Stephanie Butler was the grand prize winner of our Facebook contest for a trip to Vermont to attend the VT Cheesemakers Festival. She was gracious enough to contribute this blog post about her experience on the trip. Thank you, Stephanie – we’re glad you had such a great time!
If you’ve never eaten a half-pound of cheese on a tour bus in a McDonald’s parking lot in Nowheresville, Massachusetts, then obviously you’ve never gone on a trip with the Murray’s Cheese crew. I was lucky enough to win two tickets to the Vermont Whey-cation, and my boyfriend and I spent a whirlwind 40 hours tasting cheese, smelling cheese â€“ by Sunday night I think we were even exuding the stuff through our pores.
Our trip started with a tour of Spring Brook Farm’s Cheese House. Lead cheese maker Jeremy Stephenson took the time to guide us through each aspect of the 18-month-long process it takes to create one wheel of their tasty Tarentaise. Their cheese caves were something to see: twelve rows of wooden shelves with hundreds of cheeses waiting their turn to be washed and rotated. After the tour we got some time to sightsee around the beautiful grounds, where I met and fell in love with a sweet Jersey named Daisy.
On to dinner at Bluebird Tavern, where we were treated to a feast of Vermont’s finest foods. Allison Hooper, the founder of the Vermont Butter and Cheese Creamery, joined us for the meal, where each dish included one of her cheeses as an ingredient. My favorite had to be the whole roast pig on grilled bread with baked goat cheese and pickled blueberries, but the heirloom tomatoes with basil and mascarpone were certainly a close second. I washed everything down with pints of Hill Farmstead Brewery’s Edward, an American Pale Ale I can’t wait to try to track down here in Brooklyn. Add some banana pudding with whipped goat cheese in individual jelly jars for dessert, and I slept that night like a bump on a Vermont log.
We awoke the next morning eager to truck off to our ultimate destination: the Vermont Cheesemakers’ Festival at Shelburne Farms. I expected the festival grounds to be gorgeous (it was originally a summer home for the Vanderbilts), but I really didn’t have any idea just how beautiful it would be. Right on the shores of Lake Champlain, with the hazy Adirondacks across the water, I was ready to make plans to move to Burlington right then and there. The festival more than lived up to the setting, with cheese makers sampling their wares next to truffle makers, beer brewers, picklers, and bakers. Non-cheese highlights for me were the Vermont Smoke and Cure booth, which gave away generous samples of delicious pepperoni (available at Murray’s!), Red Hen Baking Company’s yummy wholegrain loaf (we bought the last one), and the kind ladies at the Vermont Maple Foundation booth who gave us tastes of maple cheesecake. As for cheeses, I loved the creamy ricotta from Narragansett Creamery, Vermont Shepherd’s rich and tangy sheep cheeses (ed. note: Vermont Shepherd cheeses will be available this fall), and just about everything from the Cellars at Jasper Hill.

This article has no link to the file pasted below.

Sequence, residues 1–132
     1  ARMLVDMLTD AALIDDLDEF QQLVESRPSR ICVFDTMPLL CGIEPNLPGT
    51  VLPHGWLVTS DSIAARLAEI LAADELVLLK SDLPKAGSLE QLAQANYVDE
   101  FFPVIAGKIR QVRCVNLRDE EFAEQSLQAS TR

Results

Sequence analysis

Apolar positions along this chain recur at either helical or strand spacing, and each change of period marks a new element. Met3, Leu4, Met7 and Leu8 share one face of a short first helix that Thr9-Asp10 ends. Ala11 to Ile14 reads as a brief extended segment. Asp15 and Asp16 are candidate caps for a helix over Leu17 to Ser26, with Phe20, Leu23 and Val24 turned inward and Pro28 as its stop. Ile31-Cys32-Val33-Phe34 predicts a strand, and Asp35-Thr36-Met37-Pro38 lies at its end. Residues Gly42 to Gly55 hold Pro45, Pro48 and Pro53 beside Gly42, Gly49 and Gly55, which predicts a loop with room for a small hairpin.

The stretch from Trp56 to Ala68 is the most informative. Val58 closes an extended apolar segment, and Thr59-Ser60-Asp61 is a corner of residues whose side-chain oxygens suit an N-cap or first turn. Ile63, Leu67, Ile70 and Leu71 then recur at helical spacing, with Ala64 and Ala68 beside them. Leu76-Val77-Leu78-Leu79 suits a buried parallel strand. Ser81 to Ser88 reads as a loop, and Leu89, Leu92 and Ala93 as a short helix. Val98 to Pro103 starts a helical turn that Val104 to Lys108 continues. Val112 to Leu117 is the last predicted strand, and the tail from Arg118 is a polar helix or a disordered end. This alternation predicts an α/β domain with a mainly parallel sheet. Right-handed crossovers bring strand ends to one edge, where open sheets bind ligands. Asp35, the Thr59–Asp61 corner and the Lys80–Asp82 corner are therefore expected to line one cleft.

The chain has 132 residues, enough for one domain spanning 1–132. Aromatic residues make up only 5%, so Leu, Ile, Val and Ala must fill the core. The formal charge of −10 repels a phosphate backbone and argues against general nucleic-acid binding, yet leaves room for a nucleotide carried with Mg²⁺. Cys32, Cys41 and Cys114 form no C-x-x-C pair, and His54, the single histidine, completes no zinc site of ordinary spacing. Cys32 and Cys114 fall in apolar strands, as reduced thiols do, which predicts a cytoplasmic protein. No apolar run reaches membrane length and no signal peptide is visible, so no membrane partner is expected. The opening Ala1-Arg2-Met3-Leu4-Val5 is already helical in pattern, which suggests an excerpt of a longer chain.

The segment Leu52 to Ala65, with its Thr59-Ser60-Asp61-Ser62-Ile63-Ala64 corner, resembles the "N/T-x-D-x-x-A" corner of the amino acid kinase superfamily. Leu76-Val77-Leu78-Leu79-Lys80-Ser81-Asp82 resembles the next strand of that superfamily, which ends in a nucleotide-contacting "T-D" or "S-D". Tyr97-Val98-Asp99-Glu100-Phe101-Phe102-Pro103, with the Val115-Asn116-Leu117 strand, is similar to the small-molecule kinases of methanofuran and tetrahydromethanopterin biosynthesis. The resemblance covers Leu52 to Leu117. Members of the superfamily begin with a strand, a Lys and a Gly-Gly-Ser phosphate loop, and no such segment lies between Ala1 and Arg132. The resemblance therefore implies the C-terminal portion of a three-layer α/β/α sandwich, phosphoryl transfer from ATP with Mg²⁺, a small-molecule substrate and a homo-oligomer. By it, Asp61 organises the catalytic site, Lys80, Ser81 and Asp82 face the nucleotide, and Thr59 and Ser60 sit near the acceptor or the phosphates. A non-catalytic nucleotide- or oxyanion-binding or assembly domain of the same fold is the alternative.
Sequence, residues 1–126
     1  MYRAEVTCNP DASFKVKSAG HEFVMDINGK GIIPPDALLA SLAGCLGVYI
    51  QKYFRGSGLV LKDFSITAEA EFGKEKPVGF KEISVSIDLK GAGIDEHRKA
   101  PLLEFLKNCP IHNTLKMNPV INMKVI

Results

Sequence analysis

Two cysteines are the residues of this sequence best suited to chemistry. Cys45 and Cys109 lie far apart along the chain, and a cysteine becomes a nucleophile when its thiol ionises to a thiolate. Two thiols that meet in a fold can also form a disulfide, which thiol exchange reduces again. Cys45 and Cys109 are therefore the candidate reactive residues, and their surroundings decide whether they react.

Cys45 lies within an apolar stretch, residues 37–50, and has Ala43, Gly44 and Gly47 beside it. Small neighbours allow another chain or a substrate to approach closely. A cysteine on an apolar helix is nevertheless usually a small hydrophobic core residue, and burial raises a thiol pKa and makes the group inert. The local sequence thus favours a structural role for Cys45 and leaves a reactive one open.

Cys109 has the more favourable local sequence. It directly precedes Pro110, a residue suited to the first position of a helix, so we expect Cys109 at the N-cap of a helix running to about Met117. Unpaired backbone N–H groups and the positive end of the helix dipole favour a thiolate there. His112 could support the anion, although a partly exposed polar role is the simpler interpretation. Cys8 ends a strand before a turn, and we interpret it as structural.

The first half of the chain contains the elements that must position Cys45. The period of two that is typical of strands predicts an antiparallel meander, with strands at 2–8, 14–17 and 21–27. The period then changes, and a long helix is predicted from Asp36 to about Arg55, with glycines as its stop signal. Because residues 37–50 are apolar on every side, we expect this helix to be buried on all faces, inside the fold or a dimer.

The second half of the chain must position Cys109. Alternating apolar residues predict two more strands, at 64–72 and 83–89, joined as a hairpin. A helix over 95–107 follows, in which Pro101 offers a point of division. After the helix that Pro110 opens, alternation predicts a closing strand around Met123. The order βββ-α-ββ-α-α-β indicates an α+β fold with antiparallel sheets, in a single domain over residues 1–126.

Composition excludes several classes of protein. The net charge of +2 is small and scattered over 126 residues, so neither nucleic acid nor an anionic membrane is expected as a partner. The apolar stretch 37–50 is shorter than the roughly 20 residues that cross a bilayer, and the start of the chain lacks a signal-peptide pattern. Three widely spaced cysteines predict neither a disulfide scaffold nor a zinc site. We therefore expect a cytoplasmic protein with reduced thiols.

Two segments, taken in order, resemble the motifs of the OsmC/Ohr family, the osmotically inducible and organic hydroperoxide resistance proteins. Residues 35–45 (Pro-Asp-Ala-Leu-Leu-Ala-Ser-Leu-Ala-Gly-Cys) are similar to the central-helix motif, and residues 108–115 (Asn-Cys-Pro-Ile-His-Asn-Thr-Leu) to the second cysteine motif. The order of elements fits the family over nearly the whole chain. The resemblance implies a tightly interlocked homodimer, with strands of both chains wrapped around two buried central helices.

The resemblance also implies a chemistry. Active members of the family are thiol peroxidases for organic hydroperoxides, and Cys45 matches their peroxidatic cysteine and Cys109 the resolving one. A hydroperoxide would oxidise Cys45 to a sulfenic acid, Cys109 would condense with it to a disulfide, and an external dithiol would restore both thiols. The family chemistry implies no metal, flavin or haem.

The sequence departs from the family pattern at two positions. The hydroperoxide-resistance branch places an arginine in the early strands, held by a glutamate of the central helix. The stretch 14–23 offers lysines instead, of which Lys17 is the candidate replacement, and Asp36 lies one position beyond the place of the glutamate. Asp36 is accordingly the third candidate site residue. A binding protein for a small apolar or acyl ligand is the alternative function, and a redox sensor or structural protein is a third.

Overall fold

After taking in the festival barn, we adjoined to the huge waterfront lawn, where fellow picnickers had set up blankets, wine buckets, and hiking chairs. It was an idyllic scene, for sure, with barefoot children running around, 4-H teenagers showing off their baby goats, and a gentle breeze floating over our heads. I lunched on some Vermont pizza while my boyfriend chowed on a grass fed hamburger, and we toasted our sample wine glasses full of local rosÃ©. “To the good life!” we said, and, for two days in Vermont, it certainly was.